GTL has the contract to provide phone services across the state prison system. The 2011 site-commission ban did not extend to the thousands of local or county lockups around the state, where GTL also has numerous contracts. Sonoma County will end its contract with GTL next year—it picked another company, Legacy Inmate Communications, to install and administer its ICS system at the Sonoma County Main Adult Detention Facility and other county-run jails as of next March. The new contract includes a 60 percent site-commission fee paid to the Sonoma County Sheriff's Office to administer the phone-service privilege to inmates and to fund the Inmate Welfare Fund. According to the upcoming contract, Legacy will provide $20 pre-paid phone cards to the county, for resale to inmates. The contract stipulates that the "County shall be invoiced for all Debit Cards purchased and will receive a 60 percent commission percentage as a discount on each purchased card (i.e., a debit card with a face value of $20 shall be purchased [by the county] for $8)."

Securus and GTL have been fighting the proposed FCC rules since they were first announced in 2014. The agency acted in August of this year to set new rate caps for local and long-distance inmate calling, and the FCC website notes that the "new rate caps were scheduled to take effect for prisons on Dec. 12, 2016, and for jails on March 13, 2017."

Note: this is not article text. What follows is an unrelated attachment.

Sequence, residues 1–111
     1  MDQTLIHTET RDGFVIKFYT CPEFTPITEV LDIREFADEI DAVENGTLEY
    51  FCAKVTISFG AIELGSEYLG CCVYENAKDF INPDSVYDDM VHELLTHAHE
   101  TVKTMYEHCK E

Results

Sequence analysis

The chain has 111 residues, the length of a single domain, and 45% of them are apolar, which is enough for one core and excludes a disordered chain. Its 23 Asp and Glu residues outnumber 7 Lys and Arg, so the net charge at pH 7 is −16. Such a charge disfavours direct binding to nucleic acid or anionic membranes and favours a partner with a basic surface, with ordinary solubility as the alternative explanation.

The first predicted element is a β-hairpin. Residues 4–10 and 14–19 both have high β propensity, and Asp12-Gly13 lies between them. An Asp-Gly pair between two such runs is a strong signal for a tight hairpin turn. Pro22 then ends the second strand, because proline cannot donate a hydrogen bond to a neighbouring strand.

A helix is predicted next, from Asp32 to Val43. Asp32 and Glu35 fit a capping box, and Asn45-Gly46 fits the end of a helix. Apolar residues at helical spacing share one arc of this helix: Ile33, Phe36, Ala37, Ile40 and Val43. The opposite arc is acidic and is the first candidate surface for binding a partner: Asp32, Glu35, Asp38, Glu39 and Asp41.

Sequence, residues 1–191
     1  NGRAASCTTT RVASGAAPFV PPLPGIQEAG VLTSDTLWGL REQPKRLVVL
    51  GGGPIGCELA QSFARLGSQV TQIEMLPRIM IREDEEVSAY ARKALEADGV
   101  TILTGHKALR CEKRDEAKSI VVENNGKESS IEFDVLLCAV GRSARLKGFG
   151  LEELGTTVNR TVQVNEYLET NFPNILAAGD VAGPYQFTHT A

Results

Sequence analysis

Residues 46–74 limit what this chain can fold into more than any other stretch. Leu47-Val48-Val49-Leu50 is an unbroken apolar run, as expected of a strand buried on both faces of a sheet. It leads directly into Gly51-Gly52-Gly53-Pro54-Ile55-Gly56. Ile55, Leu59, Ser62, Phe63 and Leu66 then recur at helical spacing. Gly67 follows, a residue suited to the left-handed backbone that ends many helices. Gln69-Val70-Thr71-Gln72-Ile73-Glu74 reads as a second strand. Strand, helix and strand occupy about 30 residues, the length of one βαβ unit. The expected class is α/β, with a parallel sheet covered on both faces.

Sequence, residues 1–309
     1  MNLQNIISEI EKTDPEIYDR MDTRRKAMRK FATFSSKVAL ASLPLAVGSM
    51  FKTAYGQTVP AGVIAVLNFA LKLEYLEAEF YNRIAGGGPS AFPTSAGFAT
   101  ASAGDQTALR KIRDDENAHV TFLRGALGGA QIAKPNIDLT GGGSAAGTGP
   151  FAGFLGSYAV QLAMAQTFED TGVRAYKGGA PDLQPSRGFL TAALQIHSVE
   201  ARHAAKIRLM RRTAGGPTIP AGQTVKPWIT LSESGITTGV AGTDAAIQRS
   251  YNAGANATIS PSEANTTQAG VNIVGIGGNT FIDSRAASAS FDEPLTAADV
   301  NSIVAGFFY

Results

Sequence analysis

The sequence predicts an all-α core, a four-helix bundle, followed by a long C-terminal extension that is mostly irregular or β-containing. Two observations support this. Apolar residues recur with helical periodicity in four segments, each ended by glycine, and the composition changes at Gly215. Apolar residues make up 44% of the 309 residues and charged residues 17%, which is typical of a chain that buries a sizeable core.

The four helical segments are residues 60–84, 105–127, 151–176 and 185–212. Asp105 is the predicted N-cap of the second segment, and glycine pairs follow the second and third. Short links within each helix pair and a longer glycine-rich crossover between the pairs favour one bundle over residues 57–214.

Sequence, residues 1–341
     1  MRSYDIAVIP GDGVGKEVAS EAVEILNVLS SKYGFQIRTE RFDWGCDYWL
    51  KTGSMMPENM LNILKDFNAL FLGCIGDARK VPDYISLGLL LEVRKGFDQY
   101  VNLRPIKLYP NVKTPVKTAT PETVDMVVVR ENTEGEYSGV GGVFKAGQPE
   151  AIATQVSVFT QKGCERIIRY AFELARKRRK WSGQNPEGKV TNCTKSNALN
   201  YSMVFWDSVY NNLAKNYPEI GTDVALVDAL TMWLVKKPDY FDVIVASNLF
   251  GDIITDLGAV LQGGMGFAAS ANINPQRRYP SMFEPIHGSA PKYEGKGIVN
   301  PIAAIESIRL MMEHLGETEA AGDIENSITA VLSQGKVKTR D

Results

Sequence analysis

It notes that the rates were stayed by court order and that the FCC's "interim rate caps remain in effect. The interim rate caps apply only to interstate long-distance calls, not in-state long distance or local calls. Those rates are 21 cents a minute for debit-prepaid calls, and 25 cents a minute for collect calls."

Those figures line up with call rates in the new contract for Legacy in Sonoma. In the meantime, ICS providers have found themselves subject to lawsuits, including the company that currently runs the ICS in Sonoma County.

Class Action News reports that GTL was sued in June 2015 over widespread charges that the company leverages its dominant market position nationally to charge unreasonably high prices for its services. The company has contracts in more than 2,000 jails and prisons in the United States and, according to the GTL website, runs the ICS at local lockups around the North Bay—Mill Valley, Petaluma, Novato, Fairfax, Napa.

As the FCC rules hang in limbo, legislative efforts undertaken in Sacramento to ban local site commissions have failed. In 2014, Hayward Democrat Bill Quirk introduced AB 1876, a bill that aimed for the kickback and which would have extended the Corrections and Rehabilitation site-commission ban and prohibit "commissions in telephone service contracts for juvenile facilities and for county, municipal or privately operated jails, and requires such contracts to be negotiated and awarded to the lowest cost provider."